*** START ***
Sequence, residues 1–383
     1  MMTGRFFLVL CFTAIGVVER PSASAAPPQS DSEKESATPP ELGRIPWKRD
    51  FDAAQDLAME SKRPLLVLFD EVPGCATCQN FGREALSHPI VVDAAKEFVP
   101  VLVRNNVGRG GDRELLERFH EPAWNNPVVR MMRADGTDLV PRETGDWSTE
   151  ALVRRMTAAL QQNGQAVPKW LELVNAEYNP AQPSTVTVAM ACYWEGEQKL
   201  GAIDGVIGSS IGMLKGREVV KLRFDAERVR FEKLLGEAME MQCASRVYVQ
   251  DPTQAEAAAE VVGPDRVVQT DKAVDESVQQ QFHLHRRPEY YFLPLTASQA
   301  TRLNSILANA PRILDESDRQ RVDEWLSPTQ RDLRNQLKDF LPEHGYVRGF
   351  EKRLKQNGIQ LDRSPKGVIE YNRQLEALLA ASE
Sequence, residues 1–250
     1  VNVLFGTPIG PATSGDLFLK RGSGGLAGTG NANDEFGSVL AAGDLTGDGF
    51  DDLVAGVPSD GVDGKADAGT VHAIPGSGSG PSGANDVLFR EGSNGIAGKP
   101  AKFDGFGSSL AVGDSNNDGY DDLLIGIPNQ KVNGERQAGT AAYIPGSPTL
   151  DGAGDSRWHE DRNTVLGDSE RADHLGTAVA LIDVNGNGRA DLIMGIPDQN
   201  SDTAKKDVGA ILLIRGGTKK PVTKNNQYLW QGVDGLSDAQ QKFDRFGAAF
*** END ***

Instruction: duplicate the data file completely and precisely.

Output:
Sequence, residues 1–383
     1  MMTGRFFLVL CFTAIGVVER PSASAAPPQS DSEKESATPP ELGRIPWKRD
    51  FDAAQDLAME SKRPLLVLFD EVPGCATCQN FGREALSHPI VVDAAKEFVP
   101  VLVRNNVGRG GDRELLERFH EPAWNNPVVR MMRADGTDLV PRETGDWSTE
   151  ALVRRMTAAL QQNGQAVPKW LELVNAEYNP AQPSTVTVAM ACYWEGEQKL
   201  GAIDGVIGSS IGMLKGREVV KLRFDAERVR FEKLLGEAME MQCASRVYVQ
   251  DPTQAEAAAE VVGPDRVVQT DKAVDESVQQ QFHLHRRPEY YFLPLTASQA
   301  TRLNSILANA PRILDESDRQ RVDEWLSPTQ RDLRNQLKDF LPEHGYVRGF
   351  EKRLKQNGIQ LDRSPKGVIE YNRQLEALLA ASE
Sequence, residues 1–250
     1  VNVLFGTPIG PATSGDLFLK RGSGGLAGTG NANDEFGSVL AAGDLTGDGF
    51  DDLVAGVPSD GVDGKADAGT VHAIPGSGSG PSGANDVLFR EGSNGIAGKP
   101  AKFDGFGSSL AVGDSNNDGY DDLLIGIPNQ KVNGERQAGT AAYIPGSPTL
   151  DGAGDSRWHE DRNTVLGDSE RADHLGTAVA LIDVNGNGRA DLIMGIPDQN
   201  SDTAKKDVGA ILLIRGGTKK PVTKNNQYLW QGVDGLSDAQ QKFDRFGAAF